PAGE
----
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A Pause…

March 15, 2010

..between the morning and the afternoon meetings allows some early thoughts.   Snow dominates all , of course (the sight of yachts frozen into the harbour was remarkable as was the passage of people across the ice as if it was the most natural shortcut in the world) but so does the quality of teaching.

The Frozen Harbour

By that I mean that the focus of all our discussions has been – sooner or later – that outcomes are secured by the nature of the inputs, and in the case of education that means the nature of the learning experience.   So if there is a fall off in any performance then the first question is not  “what is wrong with the pupils” but rather “what needs to change in the teaching”.

This is achieved, however, not in a judgemental way but in a positive and supportive way. Inspections were abolished in the 1970’s and there is only a single national assessment at the end of the school process.   “We don’t let teaching get in the way of learning” is one way that someone put it this morning and that applies to teacher education as well – the emphasis is on securing the best with the best but personal help and personal encouragement.  Not by prescription or top down diktat, as someone else put it.

Now we are off to talk about evaluation of the learning experience for both pupils and teachers.

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One Comment leave one →
  1. A. Park permalink
    March 15, 2010 10:50 pm

    Having taught in Scottish primary schools for 22 years, I am very interested in the nature of the experiences you have on your travels.
    Classroom teachers are in the firing line such a lot of the time and I feel that the question which springs to everyone’s lips in the event of pupils’ failure to meet targets is, ” What’s wrong with the teacher?” Education chiefs want to blame the frontline troops when children fail but the failures are as a result of flawed policies and edicts.
    Within primary schools we are expected to be experts in an ever increasing number of curricular areas, within which are an increasing number of sub-sections. It seems to me that we are clinging on within a culture of ” having to be seen to be doing” rather than actually trusting the workforce to do the job that they train so hard for and that we are actually losing the depth of teaching required for children to be truly secure at various levels.
    On the subject of training I wonder why it is that post-graduate students are allowed to teach in schools after only a year’s training. Surely it must be more appropriate that the only degree pathway into teaching would be an education degree. After all, I would not expect to become , for example, a doctor or lawyer after a one year post-grad course tagged on at the end of my teaching degree.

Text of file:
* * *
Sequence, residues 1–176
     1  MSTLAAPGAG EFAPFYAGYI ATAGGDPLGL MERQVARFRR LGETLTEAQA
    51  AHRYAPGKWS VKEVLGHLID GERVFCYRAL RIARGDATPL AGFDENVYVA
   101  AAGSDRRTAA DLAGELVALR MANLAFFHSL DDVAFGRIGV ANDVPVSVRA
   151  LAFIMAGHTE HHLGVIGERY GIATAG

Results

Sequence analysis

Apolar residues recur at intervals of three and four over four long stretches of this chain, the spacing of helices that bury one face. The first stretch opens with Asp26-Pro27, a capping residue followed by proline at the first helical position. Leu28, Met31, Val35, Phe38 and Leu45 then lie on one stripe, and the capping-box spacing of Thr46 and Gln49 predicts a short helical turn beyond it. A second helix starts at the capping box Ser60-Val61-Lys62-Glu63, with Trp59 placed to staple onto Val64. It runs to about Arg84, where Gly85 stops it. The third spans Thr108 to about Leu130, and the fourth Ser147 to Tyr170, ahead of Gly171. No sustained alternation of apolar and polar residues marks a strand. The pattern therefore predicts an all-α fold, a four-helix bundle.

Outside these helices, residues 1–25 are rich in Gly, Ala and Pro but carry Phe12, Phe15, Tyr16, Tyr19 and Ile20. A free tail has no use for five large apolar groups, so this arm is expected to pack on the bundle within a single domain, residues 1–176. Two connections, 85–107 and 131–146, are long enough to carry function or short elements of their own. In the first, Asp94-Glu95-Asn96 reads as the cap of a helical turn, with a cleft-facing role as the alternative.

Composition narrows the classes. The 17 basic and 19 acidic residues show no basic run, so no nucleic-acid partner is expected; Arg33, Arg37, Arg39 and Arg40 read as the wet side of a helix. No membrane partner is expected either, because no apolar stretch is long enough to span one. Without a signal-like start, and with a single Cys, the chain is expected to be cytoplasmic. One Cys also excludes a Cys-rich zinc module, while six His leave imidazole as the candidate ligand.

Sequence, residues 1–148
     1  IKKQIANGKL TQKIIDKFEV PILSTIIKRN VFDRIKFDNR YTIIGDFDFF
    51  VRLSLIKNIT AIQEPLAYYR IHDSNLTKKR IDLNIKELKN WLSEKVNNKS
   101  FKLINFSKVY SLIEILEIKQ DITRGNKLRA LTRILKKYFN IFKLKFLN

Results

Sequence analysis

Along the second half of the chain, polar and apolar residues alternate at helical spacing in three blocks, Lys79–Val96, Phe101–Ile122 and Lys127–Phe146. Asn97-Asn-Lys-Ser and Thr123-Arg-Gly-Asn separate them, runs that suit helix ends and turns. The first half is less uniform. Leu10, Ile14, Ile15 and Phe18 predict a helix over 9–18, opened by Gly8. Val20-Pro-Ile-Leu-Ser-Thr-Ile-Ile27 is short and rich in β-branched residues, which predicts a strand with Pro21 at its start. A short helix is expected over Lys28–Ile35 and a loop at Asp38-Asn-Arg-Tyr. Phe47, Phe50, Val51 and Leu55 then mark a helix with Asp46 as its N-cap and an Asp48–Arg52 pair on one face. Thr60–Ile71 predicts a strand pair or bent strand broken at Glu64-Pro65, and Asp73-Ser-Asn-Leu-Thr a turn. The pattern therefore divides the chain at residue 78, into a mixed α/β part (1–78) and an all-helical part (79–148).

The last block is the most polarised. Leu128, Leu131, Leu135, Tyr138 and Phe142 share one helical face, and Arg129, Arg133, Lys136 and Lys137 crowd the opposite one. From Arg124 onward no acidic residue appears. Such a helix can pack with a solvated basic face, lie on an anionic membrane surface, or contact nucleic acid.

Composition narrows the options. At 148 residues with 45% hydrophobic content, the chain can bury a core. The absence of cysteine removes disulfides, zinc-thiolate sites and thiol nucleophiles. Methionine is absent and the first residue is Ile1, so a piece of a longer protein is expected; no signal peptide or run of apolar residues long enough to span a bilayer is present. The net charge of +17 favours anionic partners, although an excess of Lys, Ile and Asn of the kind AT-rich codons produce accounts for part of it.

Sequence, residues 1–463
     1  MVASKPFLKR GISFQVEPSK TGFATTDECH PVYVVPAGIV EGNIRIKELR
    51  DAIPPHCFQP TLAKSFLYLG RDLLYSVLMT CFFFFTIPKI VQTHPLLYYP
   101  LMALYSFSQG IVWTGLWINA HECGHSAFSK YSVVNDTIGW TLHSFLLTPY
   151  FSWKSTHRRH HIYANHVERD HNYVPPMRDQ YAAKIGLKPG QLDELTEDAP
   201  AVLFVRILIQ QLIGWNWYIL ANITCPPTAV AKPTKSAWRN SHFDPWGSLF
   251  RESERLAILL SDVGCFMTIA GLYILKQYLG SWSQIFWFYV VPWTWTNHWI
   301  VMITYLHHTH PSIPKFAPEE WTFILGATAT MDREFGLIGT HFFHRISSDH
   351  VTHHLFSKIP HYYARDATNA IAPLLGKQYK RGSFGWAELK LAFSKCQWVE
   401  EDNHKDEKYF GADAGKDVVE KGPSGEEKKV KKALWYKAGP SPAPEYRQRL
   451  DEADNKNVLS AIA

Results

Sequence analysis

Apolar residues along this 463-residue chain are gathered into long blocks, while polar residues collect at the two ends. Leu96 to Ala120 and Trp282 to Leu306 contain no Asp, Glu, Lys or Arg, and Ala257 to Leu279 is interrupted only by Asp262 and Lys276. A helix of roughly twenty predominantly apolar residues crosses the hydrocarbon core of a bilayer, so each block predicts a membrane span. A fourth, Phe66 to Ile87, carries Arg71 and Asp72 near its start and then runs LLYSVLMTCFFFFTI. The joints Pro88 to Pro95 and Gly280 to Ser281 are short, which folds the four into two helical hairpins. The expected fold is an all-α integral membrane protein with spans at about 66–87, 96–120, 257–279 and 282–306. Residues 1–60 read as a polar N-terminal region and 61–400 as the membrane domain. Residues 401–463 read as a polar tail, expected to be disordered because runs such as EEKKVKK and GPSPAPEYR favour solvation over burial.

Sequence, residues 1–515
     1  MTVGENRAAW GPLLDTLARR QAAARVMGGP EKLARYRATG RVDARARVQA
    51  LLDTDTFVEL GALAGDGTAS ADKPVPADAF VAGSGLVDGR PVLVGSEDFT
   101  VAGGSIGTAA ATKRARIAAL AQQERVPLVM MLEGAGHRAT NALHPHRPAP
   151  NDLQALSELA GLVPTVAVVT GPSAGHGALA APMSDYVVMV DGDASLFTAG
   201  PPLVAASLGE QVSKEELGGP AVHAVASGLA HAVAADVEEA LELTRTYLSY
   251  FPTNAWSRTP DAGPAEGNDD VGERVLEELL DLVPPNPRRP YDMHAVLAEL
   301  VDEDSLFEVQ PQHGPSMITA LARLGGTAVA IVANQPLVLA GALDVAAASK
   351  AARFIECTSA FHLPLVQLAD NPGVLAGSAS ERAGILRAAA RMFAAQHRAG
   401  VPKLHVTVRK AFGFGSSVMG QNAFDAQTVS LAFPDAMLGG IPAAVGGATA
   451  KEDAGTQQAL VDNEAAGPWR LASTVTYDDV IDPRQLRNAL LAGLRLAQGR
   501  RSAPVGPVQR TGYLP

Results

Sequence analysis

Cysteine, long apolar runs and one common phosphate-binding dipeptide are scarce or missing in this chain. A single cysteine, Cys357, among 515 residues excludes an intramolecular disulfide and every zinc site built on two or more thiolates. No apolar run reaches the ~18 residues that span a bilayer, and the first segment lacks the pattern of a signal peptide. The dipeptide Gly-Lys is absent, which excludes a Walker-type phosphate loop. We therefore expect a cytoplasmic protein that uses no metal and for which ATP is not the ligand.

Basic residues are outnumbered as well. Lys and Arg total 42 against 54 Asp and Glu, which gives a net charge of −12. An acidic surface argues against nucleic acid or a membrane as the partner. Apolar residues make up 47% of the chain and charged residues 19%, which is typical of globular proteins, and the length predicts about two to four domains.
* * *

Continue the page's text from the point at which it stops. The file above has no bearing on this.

The success of Scottish education depends upon confident, calm, intelligent,dedicated, well-trained and practised teachers who have the wherewithal to determine the needs of their pupils and to react with greater autonomy to address these needs. Of course there must still be standards and quality monitoring of some description, but I feel that if we were freed from the spectre of inspection the workforce would be more positive and under less stress, therefore more able to move forward. The inspection is most definitely not a positive, useful experience and H.T.s pass down their their stresses when preparing for that dreaded event.
    At the moment staff morale is very low and although Curriculum for Excellence was sold to us as a more freeing move which would enable teachers to be creative, with less rigidity and dictation about how goals would be reached, the reality on the ground is very different. Local authorities seem very vague about their direction and it is left to schools and cluster groups to try to ‘tease out’ or ‘unpack’ guidelines. The result is that we are tying ourselves in ever increasing knots and ending up with an even more proscriptive regime than the outgoing 5-14 curriculum. The energies expended in running scared about accountability and HMIe visits are diminishing the energies we have in reserve to make best use of our time with the children.
    The objective of having well educated citizens in our country who will, in turn, contribute to the country’s development is drifting further away into the mists as we struggle to have children jump through hoops held ever higher by staff who can’t navigate through the maze of demands from their superiors.
    I appreciate your consideration of these issues and I sincerely hope that you enjoy your visits and come away with some positives for Scottish education. I believe it’s time for greater change.

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